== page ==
It has a threefold purpose which is:

  • UPWARD to God through praise and worship
  • INWARD to the Union Baptist Church family through
  • OUTWARD to all nations through evangelism and ministry.

 

UBC Musicians

Our Minister of Music

Ray Watkins

is one of the most talented and spiritually gifted musicians and ministers of this generation.  Playing with a nimble expertise thus adopting the name “Heat Ray”, smoking the ivory’s with an artful dexterity, his performance is nothing short of magnificent.  A pianist who plays with considerable intensity and spirit from God, his music will caress your soul and move you to tears.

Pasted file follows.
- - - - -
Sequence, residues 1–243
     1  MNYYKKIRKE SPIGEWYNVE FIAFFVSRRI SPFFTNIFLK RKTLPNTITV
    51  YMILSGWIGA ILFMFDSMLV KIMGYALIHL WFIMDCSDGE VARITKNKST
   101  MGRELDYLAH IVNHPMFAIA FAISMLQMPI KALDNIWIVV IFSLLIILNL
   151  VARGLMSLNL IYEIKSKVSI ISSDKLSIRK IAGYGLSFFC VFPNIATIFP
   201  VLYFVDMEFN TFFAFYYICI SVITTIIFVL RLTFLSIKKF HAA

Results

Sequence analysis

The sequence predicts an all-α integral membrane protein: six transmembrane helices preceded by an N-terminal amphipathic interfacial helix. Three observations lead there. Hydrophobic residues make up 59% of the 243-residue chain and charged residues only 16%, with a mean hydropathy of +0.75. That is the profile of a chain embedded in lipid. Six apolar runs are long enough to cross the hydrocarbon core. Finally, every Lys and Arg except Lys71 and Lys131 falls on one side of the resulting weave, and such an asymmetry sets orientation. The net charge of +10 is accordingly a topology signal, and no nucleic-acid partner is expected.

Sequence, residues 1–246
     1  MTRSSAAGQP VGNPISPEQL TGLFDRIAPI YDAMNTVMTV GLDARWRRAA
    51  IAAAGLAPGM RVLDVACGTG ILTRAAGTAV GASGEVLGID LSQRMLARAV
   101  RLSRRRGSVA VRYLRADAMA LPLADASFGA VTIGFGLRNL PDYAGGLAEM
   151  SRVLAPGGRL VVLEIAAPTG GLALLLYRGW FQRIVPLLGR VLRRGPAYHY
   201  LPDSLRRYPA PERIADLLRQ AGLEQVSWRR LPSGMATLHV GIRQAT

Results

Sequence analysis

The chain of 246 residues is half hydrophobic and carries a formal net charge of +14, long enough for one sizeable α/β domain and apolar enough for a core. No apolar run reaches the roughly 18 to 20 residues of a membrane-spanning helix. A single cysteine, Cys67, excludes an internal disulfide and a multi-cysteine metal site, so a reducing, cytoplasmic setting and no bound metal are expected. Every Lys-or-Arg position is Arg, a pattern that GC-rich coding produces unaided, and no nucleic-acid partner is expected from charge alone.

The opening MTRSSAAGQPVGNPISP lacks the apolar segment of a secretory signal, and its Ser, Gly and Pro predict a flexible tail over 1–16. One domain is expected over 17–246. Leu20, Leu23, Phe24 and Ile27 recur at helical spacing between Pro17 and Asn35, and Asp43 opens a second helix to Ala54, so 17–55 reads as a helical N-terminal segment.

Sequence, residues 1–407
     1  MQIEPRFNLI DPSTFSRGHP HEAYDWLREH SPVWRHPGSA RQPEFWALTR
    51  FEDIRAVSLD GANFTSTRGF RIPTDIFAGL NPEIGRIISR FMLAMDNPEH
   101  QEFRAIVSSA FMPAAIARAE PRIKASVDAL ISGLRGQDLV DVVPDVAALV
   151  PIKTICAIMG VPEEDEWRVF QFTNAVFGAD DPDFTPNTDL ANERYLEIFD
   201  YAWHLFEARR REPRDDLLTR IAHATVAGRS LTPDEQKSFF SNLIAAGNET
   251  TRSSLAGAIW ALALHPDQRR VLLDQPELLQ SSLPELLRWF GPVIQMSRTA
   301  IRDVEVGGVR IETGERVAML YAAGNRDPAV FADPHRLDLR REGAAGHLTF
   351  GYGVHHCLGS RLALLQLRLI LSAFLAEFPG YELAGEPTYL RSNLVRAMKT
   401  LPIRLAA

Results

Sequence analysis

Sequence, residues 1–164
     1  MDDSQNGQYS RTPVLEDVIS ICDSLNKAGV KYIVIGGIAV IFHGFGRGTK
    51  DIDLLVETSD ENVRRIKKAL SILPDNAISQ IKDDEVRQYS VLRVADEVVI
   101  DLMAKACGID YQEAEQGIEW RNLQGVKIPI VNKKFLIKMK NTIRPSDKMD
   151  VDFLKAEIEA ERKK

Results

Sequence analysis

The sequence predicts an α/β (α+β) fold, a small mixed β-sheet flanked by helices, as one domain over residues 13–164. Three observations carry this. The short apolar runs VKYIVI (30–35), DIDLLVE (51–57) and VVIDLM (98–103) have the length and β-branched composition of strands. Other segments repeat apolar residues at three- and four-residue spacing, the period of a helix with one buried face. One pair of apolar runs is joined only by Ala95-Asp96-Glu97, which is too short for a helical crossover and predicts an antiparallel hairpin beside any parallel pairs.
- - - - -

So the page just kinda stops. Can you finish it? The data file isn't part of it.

Ray was first introduced to the piano when he was seven years old.  On his parents 16th Anniversary, his dad gave his mother a piano as a gift.  Although his mother never learned to play, Ray would tinkle on the keys from time to time.  He was given an opportunity to show his musical gifts when the pianist didn’t show up for choir rehearsal.  Ray sat down at the piano and just played.  His parents then got him started in classical piano lessons and he developed quickly.  He studied music and theory at Duke University from the 9th through 12th grades.  A leader from the start, while attending, he also performed with the Duke University Youth Symphony for two consecutive years.  He conducted the youth choir at his church from the 8th grade through graduation.